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Harold Stine

Harold Stine

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Also Known As: Harold Stine, Harold Stien Died:
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Whit Stillman wowed the American cinematic community as an indie auteur wunderkind in the early 1990s, known for his penchant for witty, semi-autobiographical examinations of America's privileged strata in a trilogy of films that would earn him the much-bandied sobriquet "the WASP Woody Allen." A product of New York society, Stillman spent his early youth in publishing and abroad before taking over an agency for illustrators, working on the side on a script for and financing "Metropolitan" (1990). The slice of debutante haute couture earned him indie darling status and real financing for his follow-up films, "Barcelona" (1994) and "The Last Days of Disco" (1998), each an ensemble piece reflecting different periods of his youth in comic kaleidoscope of social byplay. He moved to Europe at the end of the 1990s and spent the ensuing decade attempting to produce films. Little came of it, however, until his return to the United States and to his low-budget, no-star roots, bringing his comedy-of-manners oeuvre to a college campus with "Damsels in Distress" (2011). In spite of his short CV, Stillman would make himself much beloved in indie circles, creator of what The New York Times summarized as "odd,...

Whit Stillman wowed the American cinematic community as an indie auteur wunderkind in the early 1990s, known for his penchant for witty, semi-autobiographical examinations of America's privileged strata in a trilogy of films that would earn him the much-bandied sobriquet "the WASP Woody Allen." A product of New York society, Stillman spent his early youth in publishing and abroad before taking over an agency for illustrators, working on the side on a script for and financing "Metropolitan" (1990). The slice of debutante haute couture earned him indie darling status and real financing for his follow-up films, "Barcelona" (1994) and "The Last Days of Disco" (1998), each an ensemble piece reflecting different periods of his youth in comic kaleidoscope of social byplay. He moved to Europe at the end of the 1990s and spent the ensuing decade attempting to produce films. Little came of it, however, until his return to the United States and to his low-budget, no-star roots, bringing his comedy-of-manners oeuvre to a college campus with "Damsels in Distress" (2011). In spite of his short CV, Stillman would make himself much beloved in indie circles, creator of what The New York Times summarized as "odd, tender, uncategorizable films that must utterly confound the market researchers whose opinions shape Hollywood. Good."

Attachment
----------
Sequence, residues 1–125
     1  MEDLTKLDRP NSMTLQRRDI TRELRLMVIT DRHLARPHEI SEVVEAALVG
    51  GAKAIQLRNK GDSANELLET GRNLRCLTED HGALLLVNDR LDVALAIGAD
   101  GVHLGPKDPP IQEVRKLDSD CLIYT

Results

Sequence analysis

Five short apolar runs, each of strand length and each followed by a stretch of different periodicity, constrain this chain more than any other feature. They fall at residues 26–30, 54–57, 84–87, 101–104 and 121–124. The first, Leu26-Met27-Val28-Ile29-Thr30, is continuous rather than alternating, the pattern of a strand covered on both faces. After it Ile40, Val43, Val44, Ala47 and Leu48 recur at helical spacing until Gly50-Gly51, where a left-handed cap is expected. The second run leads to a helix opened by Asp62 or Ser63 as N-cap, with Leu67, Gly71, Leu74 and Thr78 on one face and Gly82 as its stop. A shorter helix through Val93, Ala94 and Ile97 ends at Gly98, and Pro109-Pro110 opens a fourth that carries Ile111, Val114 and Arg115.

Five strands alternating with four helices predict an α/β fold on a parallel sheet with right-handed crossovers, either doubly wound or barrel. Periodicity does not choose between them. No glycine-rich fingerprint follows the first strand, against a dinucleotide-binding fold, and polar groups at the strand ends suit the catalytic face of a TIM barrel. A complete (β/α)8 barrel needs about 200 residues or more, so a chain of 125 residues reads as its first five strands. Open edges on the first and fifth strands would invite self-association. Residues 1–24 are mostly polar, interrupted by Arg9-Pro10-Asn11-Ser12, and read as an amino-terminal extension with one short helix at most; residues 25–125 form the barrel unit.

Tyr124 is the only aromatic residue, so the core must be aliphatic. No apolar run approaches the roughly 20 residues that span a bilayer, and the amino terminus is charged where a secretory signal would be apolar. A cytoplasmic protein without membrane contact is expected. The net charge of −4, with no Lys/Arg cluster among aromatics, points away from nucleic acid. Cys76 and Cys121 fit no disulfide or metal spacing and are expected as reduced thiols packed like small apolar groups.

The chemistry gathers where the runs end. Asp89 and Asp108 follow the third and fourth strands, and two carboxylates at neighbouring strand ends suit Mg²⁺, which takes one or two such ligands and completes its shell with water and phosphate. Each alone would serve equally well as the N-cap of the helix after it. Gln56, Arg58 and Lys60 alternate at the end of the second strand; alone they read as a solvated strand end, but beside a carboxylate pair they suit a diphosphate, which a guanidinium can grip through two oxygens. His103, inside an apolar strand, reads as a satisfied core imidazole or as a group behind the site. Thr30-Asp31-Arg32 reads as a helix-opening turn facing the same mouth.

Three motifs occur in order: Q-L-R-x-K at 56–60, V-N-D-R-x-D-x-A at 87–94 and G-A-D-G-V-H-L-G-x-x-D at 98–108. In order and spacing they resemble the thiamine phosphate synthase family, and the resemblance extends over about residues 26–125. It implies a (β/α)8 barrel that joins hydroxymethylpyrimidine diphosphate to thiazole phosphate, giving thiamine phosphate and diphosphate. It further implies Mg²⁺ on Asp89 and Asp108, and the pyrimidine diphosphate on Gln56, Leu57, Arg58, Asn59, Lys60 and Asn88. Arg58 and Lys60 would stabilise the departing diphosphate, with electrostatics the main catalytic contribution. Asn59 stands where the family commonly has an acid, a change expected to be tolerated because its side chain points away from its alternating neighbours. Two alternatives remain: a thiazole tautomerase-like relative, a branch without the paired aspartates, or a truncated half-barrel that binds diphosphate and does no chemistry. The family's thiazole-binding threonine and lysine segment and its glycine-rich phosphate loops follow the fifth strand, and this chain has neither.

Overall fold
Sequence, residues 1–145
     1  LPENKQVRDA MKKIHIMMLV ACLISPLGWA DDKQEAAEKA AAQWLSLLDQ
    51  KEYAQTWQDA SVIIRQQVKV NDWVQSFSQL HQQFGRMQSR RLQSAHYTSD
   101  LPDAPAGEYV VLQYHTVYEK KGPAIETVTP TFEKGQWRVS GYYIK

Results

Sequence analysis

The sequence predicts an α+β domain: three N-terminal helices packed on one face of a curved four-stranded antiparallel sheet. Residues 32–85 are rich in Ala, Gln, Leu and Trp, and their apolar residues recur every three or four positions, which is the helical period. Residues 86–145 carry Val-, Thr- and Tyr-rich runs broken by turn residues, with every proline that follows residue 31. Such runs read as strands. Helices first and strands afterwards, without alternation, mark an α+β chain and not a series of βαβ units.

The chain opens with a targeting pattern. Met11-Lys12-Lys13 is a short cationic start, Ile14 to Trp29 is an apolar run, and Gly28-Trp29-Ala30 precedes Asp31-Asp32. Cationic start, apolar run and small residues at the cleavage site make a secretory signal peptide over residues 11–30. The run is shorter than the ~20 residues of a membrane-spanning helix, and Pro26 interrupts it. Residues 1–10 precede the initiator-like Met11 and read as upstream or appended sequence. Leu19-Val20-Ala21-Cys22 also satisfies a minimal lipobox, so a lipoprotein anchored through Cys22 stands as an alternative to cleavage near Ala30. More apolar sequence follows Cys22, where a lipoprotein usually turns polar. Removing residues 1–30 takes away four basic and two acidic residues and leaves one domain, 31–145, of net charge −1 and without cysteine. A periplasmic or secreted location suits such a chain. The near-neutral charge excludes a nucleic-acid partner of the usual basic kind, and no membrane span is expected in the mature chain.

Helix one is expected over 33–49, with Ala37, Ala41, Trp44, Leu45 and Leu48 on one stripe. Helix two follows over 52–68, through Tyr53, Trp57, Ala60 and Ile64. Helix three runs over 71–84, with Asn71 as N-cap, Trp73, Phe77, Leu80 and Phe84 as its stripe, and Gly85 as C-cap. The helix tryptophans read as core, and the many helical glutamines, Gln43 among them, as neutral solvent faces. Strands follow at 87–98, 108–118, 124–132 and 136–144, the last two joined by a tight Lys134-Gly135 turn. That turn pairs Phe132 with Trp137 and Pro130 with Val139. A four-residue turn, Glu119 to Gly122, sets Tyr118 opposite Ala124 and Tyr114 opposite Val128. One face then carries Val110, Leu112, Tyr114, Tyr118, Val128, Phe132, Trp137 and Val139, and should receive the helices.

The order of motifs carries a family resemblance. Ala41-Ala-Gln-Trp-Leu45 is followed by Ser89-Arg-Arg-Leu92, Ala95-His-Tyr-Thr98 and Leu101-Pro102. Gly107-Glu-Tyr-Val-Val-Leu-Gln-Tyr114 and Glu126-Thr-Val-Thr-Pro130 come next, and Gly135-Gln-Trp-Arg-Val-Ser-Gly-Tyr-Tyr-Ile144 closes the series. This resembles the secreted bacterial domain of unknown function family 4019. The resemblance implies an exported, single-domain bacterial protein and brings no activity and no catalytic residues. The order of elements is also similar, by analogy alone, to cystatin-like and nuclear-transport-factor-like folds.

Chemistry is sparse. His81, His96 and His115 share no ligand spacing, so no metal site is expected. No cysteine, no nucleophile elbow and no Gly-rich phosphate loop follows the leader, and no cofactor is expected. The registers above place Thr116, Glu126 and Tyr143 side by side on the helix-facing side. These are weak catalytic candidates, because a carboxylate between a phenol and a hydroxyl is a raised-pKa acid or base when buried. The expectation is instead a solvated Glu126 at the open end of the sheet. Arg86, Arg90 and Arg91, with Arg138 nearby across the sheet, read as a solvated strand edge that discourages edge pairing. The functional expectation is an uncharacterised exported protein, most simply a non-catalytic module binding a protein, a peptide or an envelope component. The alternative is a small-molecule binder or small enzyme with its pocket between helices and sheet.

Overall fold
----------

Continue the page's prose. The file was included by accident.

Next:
He was born John Whitney Stillman in Washington, D.C. on Jan. 25, 1952, to an aristocratic pedigree; his great-grandfather James Stillman was the one-time president of Citibank forerunner National City Bank, and his father was a lawyer with the U.S. Department of Commerce in the administration of his Harvard University classmate John Kennedy. The family resided in Cornwall-on-Hudson, NY, where Whit enjoyed an idyllic upbringing until his parents divorced in 1965. Meg Stillman moved Whit and his two siblings to New York City. Though no longer endowed with the wealth of his old money family, he attended exclusive prep academy the Millbrook School in Millbrook, NY, and planned to follow his father into studying law at Harvard. He did matriculate at the Ivy League university, but reconsidered his course of study, mulling a literary future as he contributed humorous items to The Harvard Crimson. Graduating in 1973, he took a job with book publisher Doubleday. After four years there, he moved to Barcelona, Spain, where he worked for a time brokering Spanish films to U.S. Spanish-language cable stations. That affiliation saw him occasionally pop up in the films of his clients, including appearances in Fernando Trueba's "Sal Gorda" (1982) and Fernando Colomo's "La Linea del Cielo" (1984). He married Spanish television journalist Irene Perez Porro in 1980.